History Repeats Itself in Flint
North Carolina and the Evolution of Voter Suppression

Martin Luther King, Jr. and Rosa Parks on the Dangers They Faced in the Civil Rights Movement

By Martin Luther King, Jr. and Jeanne Theoharis


This is the second entry of our Montgomery Bus Boycott Turns 60 Series. About two months into the Montgomery Bus Boycott, times start to become dangerous for Martin Luther King, Jr. and his family. Death threats over the phone are coming in daily to King’s home, most of which Coretta Scott King answers. Aware of his role as a leader, Dr. King turns to his faith for strength and resolve in the face of danger. Sixty years ago today, the danger arrives on his porch in the form of a bomb. This excerpt from Stride Toward Freedom brings us close to the reality of fear Dr. King lived with, and the resilience of the King family. 


One night toward the end of January I settled into bed late, after a strenuous day. Coretta had already fallen asleep and just as I was about to doze off the telephone rang. An angry voice said, “Listen, nigger, we’ve taken all we want from you; before next week you’ll be sorry you ever came to Montgomery.” I hung up, but I couldn’t sleep. It seemed that all of my fears had come down on me at once. I had reached the saturation point.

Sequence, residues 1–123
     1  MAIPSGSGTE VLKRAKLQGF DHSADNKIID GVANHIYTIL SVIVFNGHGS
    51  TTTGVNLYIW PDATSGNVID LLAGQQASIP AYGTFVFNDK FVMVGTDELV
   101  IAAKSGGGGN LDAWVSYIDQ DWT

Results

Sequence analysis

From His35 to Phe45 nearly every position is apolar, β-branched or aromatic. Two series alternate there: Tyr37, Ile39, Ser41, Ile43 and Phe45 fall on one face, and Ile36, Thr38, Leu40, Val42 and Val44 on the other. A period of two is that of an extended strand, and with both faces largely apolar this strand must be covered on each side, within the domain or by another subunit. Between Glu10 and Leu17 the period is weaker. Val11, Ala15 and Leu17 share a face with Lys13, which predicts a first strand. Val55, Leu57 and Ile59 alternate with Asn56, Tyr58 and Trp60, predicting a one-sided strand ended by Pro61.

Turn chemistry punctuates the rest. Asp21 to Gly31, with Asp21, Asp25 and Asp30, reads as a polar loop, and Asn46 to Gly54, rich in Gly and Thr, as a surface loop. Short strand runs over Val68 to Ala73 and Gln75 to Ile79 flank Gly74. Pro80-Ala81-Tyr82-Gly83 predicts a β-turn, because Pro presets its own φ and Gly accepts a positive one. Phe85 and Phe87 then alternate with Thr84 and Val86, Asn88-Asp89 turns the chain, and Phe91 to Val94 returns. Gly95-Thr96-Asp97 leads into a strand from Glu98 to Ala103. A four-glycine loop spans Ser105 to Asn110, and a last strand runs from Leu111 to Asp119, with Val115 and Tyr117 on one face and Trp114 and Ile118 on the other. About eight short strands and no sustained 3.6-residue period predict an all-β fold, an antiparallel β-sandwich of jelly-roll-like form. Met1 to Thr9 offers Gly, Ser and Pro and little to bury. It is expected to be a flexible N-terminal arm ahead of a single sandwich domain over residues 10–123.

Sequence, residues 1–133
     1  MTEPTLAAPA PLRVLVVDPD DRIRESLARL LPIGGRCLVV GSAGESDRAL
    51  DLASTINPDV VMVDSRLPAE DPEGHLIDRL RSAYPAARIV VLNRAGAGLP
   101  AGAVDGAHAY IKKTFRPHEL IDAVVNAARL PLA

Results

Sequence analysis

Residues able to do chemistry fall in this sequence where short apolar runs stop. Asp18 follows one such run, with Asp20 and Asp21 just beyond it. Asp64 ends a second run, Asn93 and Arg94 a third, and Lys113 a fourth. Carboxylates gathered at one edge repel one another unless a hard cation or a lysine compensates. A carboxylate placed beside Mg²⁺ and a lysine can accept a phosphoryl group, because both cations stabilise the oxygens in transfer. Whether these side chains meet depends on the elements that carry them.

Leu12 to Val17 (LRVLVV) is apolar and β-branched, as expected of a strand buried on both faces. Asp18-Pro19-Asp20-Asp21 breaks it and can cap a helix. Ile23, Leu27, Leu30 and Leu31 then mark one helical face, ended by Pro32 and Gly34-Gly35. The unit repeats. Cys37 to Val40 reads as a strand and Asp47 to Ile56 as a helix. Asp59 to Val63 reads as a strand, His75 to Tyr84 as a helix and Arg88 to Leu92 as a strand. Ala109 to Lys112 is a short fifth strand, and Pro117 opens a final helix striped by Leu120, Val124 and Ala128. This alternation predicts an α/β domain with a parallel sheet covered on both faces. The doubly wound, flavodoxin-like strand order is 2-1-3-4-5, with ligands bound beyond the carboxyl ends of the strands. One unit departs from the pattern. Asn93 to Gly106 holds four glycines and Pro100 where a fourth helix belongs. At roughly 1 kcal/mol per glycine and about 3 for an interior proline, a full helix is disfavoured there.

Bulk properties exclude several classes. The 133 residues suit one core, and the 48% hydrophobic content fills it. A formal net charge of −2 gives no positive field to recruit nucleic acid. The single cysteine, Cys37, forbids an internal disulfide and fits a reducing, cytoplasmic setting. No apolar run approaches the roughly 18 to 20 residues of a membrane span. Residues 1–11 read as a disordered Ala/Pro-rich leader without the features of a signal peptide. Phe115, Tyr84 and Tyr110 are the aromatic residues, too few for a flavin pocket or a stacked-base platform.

I got out of bed and began to walk the floor. Finally I went to the kitchen and heated a pot of coffee. I was ready to give up. With my cup of coffee sitting untouched before me I tried to think of a way to move out of the picture without appearing a coward. In this state of exhaustion, when my courage had all but gone, I decided to take my problem to God. With my head in my hands, I bowed over the kitchen table and prayed aloud. The words I spoke to God that midnight are still vivid in my memory. “I am here taking a stand for what I believe is right. But now I am afraid. The people are looking to me for leadership, and if I stand before them without strength and courage, they too will falter. I am at the end of my powers. I have nothing left. I’ve come to the point where I can’t face it alone.”

At that moment I experienced the presence of the Divine as I had never experienced Him before. It seemed as though I could hear the quiet assurance of an inner voice saying: “Stand up for righteousness, stand up for truth; and God will be at your side forever.” Almost at once my fears began to go. My uncertainty disappeared. I was ready to face anything.

Three nights later, on January 30, I left home a little before seven to attend our Monday evening mass meeting at the First Baptist Church. A member of my congregation, Mrs. Mary Lucy Williams, had come to the parsonage to keep my wife company in my absence. After putting the baby to bed, Coretta and Mrs. Williams went to the living room to look at television. About nine-thirty they heard a noise in front that sounded as though someone had thrown a brick. In a matter of seconds an explosion rocked the house. A bomb had gone off on the porch.